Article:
County knows best?

By Mary Davis


There has been a problematic pattern emerging in Alpine, where the input and desires of residents are set aside for a grander, ‘multi-modal’ agenda by the County of San Diego.

First case in point: Over a year ago, in June 2021, all street parking was removed from Victoria Park Terrace, which runs between the two sides of the Crown Hills subdivision. There was no notice given to residents, nor any community input sought from them. One day, the ‘No Parking’ signs simply appeared, and residents and visitors were left with absolutely no on-street parking on that very wide, very safe street. Just recently, a second issue emerged: ‘Bikes May Use All Lanes’ signs popped up on South Grade Rd., along the entire perimeter of Wright’s Field (and even beyond, towards Tavern Rd. to the west.) The portion where the signs are is approximately one-mile long and the whole segment has a double-yellow line. This means that if a driver gets stuck behind one or more bicyclists that opt to use the whole lane, a motorist is legally obligated to follow them without passing as both traverse that long one-mile stretch.

I wrote to the County last week and finally got this bureaucratic answer from an Assistant Engineer:

I have received your question regarding new signs installed on South Grade Road. We recently installed bike lane signs on the road as South Grade Road is in our County of San Diego General Plan, Mobility Element Network. The Mobility Element provides a framework for a balanced, multimodal transportation system for the movement of people and goods within the unincorporated areas of the County of San Diego. A balanced system uses multiple modes of travel including motor vehicles, public transportation, bicycles, pedestrians, and to a lesser extent, rail, and air transportation. While the automobile is the predominant mode of travel in the unincorporated County due largely to its rural character, opportunities for increased mode choice are addressed in this Element.

My complaint is not against bicyclists at all, but rather the County. I’m waiting to hear back what kind of community input or notification was given on the South Grade signs, and if any thought was given to motorists potentially being stuck for up to a mile and the increased potential for conflict. It seems the County took the easy (cheap) way and called it good, instead of investing in the creation of a bike pathway with jersey walls (similar to the Coronado Bayshore Bikeway, which would actually PROTECT bicyclists.)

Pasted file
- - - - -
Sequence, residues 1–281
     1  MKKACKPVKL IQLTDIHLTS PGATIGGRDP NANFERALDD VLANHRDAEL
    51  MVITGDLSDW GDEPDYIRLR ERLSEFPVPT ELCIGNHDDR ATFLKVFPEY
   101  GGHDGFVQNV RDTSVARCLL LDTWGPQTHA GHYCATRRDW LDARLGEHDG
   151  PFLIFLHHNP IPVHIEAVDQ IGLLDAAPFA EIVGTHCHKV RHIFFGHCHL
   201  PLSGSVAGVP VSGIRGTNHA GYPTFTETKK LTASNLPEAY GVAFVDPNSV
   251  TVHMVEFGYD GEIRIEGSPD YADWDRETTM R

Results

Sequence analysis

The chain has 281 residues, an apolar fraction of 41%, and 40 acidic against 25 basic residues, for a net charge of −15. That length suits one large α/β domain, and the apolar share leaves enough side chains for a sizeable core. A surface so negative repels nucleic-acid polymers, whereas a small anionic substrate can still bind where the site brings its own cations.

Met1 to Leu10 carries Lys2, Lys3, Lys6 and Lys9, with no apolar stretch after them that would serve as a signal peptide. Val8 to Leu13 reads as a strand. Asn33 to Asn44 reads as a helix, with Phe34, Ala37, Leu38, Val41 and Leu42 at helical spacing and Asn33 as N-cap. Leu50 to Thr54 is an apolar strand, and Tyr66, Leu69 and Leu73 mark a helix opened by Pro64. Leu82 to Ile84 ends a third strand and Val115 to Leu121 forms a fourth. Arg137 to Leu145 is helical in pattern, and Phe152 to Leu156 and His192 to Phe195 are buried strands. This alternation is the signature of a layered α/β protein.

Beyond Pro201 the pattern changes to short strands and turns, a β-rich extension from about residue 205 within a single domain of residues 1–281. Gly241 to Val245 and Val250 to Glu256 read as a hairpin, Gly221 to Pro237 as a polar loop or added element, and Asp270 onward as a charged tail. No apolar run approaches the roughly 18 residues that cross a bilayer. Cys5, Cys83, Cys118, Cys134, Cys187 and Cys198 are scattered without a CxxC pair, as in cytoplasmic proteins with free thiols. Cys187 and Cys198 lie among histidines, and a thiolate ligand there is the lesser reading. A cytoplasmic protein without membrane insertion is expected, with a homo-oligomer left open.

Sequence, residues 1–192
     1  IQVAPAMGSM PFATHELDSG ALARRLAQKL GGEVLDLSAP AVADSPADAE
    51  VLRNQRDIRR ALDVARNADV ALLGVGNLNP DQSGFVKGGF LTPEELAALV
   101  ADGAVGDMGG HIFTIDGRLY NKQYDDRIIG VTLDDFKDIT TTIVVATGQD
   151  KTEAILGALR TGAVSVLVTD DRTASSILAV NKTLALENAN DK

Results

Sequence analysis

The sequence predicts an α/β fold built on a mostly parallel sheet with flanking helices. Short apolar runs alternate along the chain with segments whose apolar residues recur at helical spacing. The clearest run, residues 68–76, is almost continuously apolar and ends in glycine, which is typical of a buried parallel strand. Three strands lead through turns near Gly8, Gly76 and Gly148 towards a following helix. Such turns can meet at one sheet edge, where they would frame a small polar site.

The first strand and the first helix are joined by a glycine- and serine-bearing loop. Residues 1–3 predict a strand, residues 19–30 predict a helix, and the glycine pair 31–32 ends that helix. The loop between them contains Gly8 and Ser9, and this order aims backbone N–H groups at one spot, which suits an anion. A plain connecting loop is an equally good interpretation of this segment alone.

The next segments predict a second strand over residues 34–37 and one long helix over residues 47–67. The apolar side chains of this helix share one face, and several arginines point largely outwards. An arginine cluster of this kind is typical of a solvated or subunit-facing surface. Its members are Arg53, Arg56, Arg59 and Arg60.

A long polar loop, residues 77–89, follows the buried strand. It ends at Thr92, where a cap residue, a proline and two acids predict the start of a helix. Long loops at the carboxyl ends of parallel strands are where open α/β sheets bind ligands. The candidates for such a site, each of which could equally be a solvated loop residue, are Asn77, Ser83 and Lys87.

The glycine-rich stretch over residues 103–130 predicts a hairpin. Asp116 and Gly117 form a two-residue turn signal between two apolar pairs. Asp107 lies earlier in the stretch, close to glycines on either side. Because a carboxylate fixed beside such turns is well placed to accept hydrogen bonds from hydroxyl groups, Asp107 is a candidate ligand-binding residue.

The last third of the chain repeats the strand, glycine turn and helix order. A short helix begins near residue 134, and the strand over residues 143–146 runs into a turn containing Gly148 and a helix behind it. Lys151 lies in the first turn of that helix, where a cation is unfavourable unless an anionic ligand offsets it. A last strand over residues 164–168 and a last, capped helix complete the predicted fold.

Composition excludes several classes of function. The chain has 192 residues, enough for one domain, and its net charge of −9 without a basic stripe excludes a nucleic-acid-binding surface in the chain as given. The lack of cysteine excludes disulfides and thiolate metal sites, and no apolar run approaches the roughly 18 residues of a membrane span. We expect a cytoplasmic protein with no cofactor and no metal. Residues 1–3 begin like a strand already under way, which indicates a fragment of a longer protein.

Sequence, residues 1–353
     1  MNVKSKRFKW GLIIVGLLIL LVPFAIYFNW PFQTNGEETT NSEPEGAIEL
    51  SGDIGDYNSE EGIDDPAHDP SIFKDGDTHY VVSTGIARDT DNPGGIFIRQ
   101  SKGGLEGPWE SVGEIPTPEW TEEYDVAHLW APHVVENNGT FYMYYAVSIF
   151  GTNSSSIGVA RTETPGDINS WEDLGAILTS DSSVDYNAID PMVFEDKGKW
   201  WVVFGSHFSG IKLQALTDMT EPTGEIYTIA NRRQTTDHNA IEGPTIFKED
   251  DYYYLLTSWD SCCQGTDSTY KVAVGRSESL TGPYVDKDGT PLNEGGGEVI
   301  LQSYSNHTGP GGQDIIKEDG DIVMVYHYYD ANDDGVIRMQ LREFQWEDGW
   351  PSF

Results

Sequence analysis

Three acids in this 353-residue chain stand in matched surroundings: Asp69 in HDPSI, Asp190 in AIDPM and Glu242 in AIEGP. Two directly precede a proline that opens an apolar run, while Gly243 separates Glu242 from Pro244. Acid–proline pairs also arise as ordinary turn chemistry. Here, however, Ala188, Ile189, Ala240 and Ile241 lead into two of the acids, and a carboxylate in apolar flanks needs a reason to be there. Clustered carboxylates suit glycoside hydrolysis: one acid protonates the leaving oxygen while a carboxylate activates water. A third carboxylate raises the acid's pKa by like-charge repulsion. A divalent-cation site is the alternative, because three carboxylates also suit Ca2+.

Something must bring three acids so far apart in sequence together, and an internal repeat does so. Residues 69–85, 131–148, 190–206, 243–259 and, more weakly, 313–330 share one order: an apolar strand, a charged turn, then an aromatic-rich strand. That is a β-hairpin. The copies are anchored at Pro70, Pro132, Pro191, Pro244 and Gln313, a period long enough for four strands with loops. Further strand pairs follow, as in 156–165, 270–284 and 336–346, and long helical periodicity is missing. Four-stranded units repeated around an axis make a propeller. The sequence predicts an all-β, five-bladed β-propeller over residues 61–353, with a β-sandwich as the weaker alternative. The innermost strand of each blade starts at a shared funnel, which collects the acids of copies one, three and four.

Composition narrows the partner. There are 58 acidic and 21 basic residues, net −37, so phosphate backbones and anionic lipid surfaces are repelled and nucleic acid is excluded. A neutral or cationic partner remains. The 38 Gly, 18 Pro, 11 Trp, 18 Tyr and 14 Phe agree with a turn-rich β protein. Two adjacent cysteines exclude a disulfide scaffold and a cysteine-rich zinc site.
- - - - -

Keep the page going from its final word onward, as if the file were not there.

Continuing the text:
Now back to the first case on Victoria Park Terrace: The County was only somewhat responsive. As of this past January, they stated they re-worked the design to give back on-street parking on just one side. However, after six months, the bike lanes are still there on both sides.

With the new County Regional Park/Sportsplex coming soon to Wright’s Field (at a much bigger scope than many in the community want), I can’t help but wonder what else the ‘County knows best’ for us, and what future surprises might lie in store without fully informing residents and seeking their input.

I encourage Alpiners to contact the County Traffic Engineering with any concerns and questions they have. I also encourage us all to start attending the Alpine Planning Group meetings (in the past, I had attended a few but lapsed as I concentrated instead on the San Diego County Board of Supervisors meetings – eye-opening fodder for future letters and opeds.)

Remember – we get the government we tolerate. The County did listen before, but more voices amplify the message. If you have concerns, please take the time to make them known to the County:

County of San Diego – DPW, Traffic Engineering Section

5510 Overland Ave., Suite 410, San Diego, CA 92123

Phone: 858.694.3860, Email: Barra.Manaseer@sdcounty.

Mary Davis Alpine

County knows best?


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